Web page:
Though being diagnosed with a condition is always unfortunate, a celebrity’s illness can sometimes offer a silver lining to others with the condition by helping to raise awareness of the disease.
Take, for example, Angelina Jolie’s 2013 announcement in The New York Times that she had undergone a double mastectomy after learning that she carried a mutation in the BRCA1 gene, which increases a woman’s risk for breast cancer. Researchers dubbed the increase in awareness of the role of genetics in breast cancer “The Angelina Effect.”
Here are such celebrities with chronic illnesses and how they live with them.
Pop star Selena Gomez canceled her 2013 tour when she was diagnosed with lupus. After her diagnosis, Gomez underwent a round of treatment and took a break from the public eye, she told Billboard magazine in 2015. The chronic autoimmune disease is much more common in women than in men and is typically diagnosed when women are of childbearing age. When a person has lupus, the body attacks its own cells as if they were harmful invaders, according to the Lupus Foundation of America. This can cause symptoms throughout the body, ranging from skin rashes and mouth ulcers to kidney problems and inflammation of various organs.
There is no cure for lupus, but there are treatments, such as corticosteroids and monoclonal antibodies, to help people with the condition manage their symptoms. For people with more serious forms of the disease, drugs that were developed to treat cancer may be used. Other celebs, such as Nick Cannon, Lady Gaga, Toni Braxton and Seal, also have lupus.
In February 2007, Saif Ali Khan was rushed to Lilavati Hospital after he complained of chest pains. Doctors confirmed that it was a minor heart attack. But the Nawab certainly owned the situation and fought out of it. His heart trouble is hereditary.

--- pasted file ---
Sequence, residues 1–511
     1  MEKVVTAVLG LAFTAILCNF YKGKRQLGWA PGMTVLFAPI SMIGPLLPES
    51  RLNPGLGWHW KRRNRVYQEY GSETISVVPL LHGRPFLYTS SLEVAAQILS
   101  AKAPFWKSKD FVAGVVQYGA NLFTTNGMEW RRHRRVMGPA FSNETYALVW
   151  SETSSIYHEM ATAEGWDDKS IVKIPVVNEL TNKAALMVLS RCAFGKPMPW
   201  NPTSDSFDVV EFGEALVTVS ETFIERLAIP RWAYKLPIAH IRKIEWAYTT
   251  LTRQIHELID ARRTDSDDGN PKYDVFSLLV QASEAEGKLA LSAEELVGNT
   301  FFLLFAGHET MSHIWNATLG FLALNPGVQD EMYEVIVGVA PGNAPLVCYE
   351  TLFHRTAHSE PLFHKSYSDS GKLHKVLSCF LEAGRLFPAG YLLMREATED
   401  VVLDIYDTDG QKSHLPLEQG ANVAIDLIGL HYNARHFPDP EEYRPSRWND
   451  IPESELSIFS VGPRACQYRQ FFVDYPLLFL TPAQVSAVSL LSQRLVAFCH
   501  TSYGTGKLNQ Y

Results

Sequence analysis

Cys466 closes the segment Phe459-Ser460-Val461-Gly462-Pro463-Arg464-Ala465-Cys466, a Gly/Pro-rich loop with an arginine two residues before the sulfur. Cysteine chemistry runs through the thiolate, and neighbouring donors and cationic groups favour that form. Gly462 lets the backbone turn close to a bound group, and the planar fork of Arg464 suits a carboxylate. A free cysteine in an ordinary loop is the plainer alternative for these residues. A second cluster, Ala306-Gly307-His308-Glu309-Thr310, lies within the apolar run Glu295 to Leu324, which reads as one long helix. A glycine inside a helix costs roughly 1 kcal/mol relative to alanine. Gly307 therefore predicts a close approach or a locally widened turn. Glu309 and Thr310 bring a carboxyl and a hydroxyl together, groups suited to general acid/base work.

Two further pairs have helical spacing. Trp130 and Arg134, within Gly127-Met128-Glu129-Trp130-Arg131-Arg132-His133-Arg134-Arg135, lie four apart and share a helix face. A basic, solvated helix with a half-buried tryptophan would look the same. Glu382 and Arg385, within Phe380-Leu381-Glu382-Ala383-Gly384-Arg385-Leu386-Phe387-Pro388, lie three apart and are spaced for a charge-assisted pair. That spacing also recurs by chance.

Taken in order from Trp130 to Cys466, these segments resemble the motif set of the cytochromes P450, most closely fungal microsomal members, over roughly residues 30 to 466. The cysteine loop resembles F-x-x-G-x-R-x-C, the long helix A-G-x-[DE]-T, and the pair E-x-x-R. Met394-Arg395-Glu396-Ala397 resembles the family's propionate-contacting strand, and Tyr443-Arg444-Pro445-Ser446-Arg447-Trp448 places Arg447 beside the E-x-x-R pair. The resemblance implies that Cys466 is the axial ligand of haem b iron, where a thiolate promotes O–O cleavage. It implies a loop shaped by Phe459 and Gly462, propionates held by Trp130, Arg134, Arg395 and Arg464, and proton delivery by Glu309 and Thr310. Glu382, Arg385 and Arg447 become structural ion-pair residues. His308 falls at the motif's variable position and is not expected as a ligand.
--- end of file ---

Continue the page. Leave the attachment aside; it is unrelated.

Actor Tom Hanks announced that he has type 2 diabetes during an interview on the “Late Show with David Letterman” in 2013. Hanks said he had been dealing with high blood sugar levels for years when his doctor told him they were high enough to meet the criteria for diabetes, he told Letterman. (When a person’s blood sugar levels are elevated but not high enough to be considered diabetes, they have what is known as “prediabetes.”) When a person has diabetes, the body cannot effectively control its blood sugar levels. Diabetes can increase a person’s risk for heart disease and, if unmanaged, can cause serious problems, including nerve damage, blindness and kidney failure. A 2015 study from the National Institute of Diabetes and Digestive and Kidney Diseases found that about half of American adults have either diabetes or prediabetes. Type 2 diabetes can be managed with regular exercise and a healthy diet. Actress Halle Berry and celebrity chef Paula Deen also have announced that they have diabetes.
The Krrish star acted like a real superhero in 2013 after being treated for a brain clot on July 7th. A month later at the launch of Krrish 3, Hrithik said, “I am absolutely fantastic. Even with the hole in my brain, my spirit is intact.” That statement is enough to prove his mettle.